2021 Wealth Report: ultra-high-net-worth spending

Ultra-high-net-worth (UHNW) individuals form a central part of the market, and can help us gauge the overall temperature. Here’s what UHNW buyers are doing with their money.

Many people wonder why they should care about the stock market when its numbers can seem unrelated to day-to-day economics. Similarly, you might ask why—amid a global pandemic and the related economic crisis—should we be interested in what the ultra-wealthy are buying? Simply put, if we are to understand and predict market and asset performance then they, both the stock market and ultra-high-net-worth (UHNW) individuals form a central part of the story. The Urban Land Institute’s (ULI’s) “2021 Wealth Report” assesses how the fortunes of UHNW individuals are changing, where they spend time, what they invest in and what they are likely to do next. Here are some highlights from the report:

Global pandemic response supported wealthy individuals

With lower interest rates and more fiscal stimulus, asset prices have surged, driving the world’s UHNW population 2.4% higher over the past 12 months to more than 520,000. The process was seen across North America and Europe, but it was Asia, with 12% growth, that saw the real upswing. The expansion in wealth was not universal, with a fall in the number of UHNW individuals in Latin America, Russia and the Middle East as currency shifts and the pandemic undermined local economies.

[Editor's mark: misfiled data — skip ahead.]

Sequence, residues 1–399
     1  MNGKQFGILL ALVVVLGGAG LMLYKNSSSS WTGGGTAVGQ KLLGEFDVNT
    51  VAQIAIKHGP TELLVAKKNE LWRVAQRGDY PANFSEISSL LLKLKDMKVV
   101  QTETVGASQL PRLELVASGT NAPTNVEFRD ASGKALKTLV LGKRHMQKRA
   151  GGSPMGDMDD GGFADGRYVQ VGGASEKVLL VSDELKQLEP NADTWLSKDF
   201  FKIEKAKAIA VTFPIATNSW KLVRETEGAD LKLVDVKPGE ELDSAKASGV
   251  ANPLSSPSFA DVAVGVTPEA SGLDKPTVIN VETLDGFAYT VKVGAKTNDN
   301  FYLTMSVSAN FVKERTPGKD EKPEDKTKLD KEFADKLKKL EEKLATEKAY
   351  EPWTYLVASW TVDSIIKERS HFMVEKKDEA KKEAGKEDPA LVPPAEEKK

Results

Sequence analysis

Asia has seen/will see the greatest wealth accumulation

The United States is and will remain the world’s dominant wealth hub over ULI’s forecast period, but Asia will see the fastest growth in UHNW individuals over the next five years, at 39% compared with the 27% global average.

By 2025, the ULI report predicts Asia will host 24% of all UHNW individuals, up from 17% a decade earlier. The region is already home to more billionaires than any other (36% of the global total). The Chinese Mainland is the key to this phenomenon, with 246% forecast growth in very wealthy residents in the decade to 2025.

Inequality will increase wealth accumulation risks

While COVID-19 is viewed as the biggest single risk to future wealth creation, nearly half of ULI’s Attitudes Survey respondents (wealth managers and private bankers) expect the growth in wealth inequality to fuel demand for policies aimed at curbing imbalance—specifically wealth taxes—with new or proposed plans in Argentina, Canada and South Korea likely to be replicated elsewhere.

The pandemic reduced globalism

ULI’s research determined that international travel will remain weak, with 84% of respondents expecting to continue to travel less this year. Where this trend could become more entrenched is the notable drop in demand for international education, which the survey also revealed.

Approximately 11% of home purchases made by ultra-high-net-worth Asian buyers are expected to be driven by educational motives. This means we may see a rise in permanent family relocations to education hubs, with London the main target. Despite a reduced desire to travel, nearly a quarter of ultra-high-net-worth individuals are planning to apply for a second passport or citizenship—a remarkable 50% growth in a year. ULI found that there is a growing tension between rising transparency concerns over citizenship-by-investment schemes and a need to plug gaps in government finances through these schemes.